I live and die by Google Apps in my business. My email, and my team member's emails, are set up through Google Apps for Work, and I use Google Drive to organize everything. I have folders upon folders for every aspect of my business, I use Google Docs every day (I wrote the draft of this post on a Google Doc!), have Google Sheets set up for various things, use Hangouts for team and client meetings (usually), and have everything in my Google Calendar. One of my favorite things about using Google is that I can access my business information from anywhere. So whether I'm at home, or I'm working at a coffee shop, or I need to check something on my phone for a client, I can instantly access it. Google also makes sharing documents, folders, etc. with my clients and team a breeze -- it's just a few seconds to add them to whatever I need to share, and I know they'll have the same ease of access across all of their devices.
I primarily use LastPass with my clients and my team members, but it's made everything so easy. Basically, my clients can enter in their login information for various accounts, share the access with my team and I, but we can't see or change the passwords. So it allows us the access we need to do things for clients, and it protects their information.
I've hosted my site on Squarespace for over a year now, and I still love it as much as I did when I first switched! Squarespace makes updating and managing my site incredibly easy, as I don't need to know code in order to make the changes that I want to make. I'm also incredibly in love with their cover pages, which are gorgeous and really simple to set up. Their templates are really fun to experiment with and customize, too! I also use Squarespace for long-form sales pages, such as the sales page for my course Hire Your VA in 1 Week.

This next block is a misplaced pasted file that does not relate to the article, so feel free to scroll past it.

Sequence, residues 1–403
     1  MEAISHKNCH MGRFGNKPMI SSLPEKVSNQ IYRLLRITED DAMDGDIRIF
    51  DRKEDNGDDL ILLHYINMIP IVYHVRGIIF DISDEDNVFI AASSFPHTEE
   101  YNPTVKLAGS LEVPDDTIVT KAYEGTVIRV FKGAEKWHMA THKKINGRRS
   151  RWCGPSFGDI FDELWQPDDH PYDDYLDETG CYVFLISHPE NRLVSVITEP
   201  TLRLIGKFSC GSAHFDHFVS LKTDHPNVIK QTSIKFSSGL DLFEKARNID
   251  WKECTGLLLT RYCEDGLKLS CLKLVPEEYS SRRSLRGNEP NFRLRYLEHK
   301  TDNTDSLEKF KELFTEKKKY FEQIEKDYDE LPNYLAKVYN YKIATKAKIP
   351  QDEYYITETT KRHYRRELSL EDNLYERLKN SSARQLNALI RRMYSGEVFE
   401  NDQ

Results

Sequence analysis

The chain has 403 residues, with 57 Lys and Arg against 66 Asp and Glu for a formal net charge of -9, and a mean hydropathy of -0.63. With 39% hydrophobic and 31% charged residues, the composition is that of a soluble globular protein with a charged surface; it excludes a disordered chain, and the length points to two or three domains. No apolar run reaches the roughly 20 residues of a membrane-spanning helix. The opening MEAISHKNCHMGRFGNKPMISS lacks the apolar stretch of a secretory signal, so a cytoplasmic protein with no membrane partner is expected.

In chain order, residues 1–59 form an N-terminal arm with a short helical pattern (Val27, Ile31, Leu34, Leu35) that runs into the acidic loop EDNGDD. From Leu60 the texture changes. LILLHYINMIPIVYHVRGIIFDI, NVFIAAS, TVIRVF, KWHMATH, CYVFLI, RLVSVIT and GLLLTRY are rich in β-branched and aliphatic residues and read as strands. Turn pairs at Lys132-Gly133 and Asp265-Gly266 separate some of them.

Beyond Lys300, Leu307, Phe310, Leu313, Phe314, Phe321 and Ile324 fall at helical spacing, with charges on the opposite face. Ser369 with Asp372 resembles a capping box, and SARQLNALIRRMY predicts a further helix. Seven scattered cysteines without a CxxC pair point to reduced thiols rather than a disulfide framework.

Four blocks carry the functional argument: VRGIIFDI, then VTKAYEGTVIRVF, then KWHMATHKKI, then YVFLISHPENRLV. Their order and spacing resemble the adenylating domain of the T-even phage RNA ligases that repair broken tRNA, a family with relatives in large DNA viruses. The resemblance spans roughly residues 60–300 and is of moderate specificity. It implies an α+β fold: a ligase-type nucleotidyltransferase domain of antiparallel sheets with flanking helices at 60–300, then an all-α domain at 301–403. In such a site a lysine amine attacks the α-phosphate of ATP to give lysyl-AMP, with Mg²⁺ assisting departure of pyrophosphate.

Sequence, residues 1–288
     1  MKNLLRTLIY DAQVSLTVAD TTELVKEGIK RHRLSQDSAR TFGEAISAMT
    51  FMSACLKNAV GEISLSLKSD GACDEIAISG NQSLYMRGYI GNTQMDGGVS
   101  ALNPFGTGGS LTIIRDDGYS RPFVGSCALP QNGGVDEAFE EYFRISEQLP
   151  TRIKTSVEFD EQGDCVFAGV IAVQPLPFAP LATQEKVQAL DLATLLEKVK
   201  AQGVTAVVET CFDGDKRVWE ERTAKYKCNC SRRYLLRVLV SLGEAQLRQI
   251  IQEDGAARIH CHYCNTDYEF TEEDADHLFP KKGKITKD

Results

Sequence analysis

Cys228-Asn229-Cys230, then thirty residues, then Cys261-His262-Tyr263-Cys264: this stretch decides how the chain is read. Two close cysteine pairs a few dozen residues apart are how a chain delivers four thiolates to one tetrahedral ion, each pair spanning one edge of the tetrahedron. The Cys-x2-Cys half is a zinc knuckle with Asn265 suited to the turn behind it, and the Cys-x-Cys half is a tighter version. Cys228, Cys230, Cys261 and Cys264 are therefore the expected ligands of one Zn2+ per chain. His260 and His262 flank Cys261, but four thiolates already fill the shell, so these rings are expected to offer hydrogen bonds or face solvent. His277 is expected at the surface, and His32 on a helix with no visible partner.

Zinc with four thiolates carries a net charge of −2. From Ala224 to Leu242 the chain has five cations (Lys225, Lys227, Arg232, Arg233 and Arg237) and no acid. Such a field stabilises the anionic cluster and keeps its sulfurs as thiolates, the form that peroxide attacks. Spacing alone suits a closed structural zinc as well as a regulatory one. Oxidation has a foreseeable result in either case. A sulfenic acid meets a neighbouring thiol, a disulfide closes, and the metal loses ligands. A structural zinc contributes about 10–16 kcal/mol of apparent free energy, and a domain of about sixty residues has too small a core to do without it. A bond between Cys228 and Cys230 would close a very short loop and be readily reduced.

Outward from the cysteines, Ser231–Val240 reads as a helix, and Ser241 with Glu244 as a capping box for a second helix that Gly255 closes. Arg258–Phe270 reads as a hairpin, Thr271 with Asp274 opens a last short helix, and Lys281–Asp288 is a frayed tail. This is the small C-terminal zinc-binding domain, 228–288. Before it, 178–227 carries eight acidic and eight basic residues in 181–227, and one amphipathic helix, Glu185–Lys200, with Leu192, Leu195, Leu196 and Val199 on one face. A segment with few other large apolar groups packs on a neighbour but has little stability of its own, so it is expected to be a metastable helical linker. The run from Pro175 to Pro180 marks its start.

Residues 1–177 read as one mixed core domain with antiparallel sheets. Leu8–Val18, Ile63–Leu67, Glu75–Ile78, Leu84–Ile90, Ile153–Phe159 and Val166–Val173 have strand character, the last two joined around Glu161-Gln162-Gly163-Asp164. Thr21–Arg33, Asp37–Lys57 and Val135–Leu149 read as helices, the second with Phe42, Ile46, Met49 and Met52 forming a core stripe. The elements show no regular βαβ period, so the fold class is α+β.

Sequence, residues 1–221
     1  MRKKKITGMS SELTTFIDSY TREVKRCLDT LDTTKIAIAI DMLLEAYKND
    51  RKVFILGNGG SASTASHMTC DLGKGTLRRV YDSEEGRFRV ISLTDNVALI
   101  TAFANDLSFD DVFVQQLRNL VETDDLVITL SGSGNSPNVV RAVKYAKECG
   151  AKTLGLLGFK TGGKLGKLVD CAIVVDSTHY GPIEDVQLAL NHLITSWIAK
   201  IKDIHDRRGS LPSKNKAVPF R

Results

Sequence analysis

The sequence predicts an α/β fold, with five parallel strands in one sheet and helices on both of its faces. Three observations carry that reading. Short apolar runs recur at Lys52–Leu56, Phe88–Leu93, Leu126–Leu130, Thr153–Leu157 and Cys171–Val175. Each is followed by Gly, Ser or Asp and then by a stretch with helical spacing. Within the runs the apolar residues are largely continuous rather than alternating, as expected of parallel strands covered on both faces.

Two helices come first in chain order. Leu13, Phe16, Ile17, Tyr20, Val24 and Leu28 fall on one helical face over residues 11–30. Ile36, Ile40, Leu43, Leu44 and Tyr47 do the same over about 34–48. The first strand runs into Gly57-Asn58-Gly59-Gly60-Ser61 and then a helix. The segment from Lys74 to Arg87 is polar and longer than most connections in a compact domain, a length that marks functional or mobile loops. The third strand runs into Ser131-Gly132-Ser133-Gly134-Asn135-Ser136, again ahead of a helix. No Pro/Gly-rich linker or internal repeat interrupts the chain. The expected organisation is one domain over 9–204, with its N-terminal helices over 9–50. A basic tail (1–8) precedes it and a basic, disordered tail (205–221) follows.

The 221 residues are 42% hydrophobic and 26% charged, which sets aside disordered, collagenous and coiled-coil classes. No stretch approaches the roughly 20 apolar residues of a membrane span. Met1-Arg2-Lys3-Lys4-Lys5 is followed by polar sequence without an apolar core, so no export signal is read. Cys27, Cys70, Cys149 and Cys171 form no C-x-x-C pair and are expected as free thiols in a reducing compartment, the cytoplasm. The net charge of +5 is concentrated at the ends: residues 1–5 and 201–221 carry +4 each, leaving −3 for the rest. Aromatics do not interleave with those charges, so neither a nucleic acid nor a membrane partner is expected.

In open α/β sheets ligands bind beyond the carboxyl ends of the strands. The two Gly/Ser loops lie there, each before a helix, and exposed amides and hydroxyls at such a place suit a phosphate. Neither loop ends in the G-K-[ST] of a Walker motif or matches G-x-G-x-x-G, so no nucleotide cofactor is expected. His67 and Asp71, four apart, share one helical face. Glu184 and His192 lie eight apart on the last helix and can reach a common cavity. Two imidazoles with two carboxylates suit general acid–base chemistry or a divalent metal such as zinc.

I use Teachable to host all of my online courses, such as Hire Your VA in 1 Week and the Systemize Your Branding Masterclass that I did with Kaitlyn Kessler. It's incredibly easy to use, and they make it ridiculously simple to upload all of your course content, build your sales pages, etc. Their reports are really detailed, and I love the live feed of who's enrolling in which courses. You can also have "private" courses -- which is how I put together limited time offers or bundles for webinars. Teachable will also pay out your affiliates for you, which just automates the process even more, and means that I can rest assured that my affiliates are being paid on time.
I love using Toggl for time-tracking. It's ridiculously simple -- you say what you're working on, what project it's for, and click the button to start. I track all of the time I spend on client work, on business admin tasks, and everything else. Tracking my time with Toggl really allows me to see exactly how long things are taking, and how much I'm spending on a particular client's project. My team also uses Toggl, and I can easily see how much time they've spent on a project, and I can see the summary of how long we've all spent on a client project. That's really beneficial because I can tell my clients if we're getting close on our allotted hours for a month by clicking one button in Toggl.
What are your favorite tools to use in your business? Let me know in the comments below!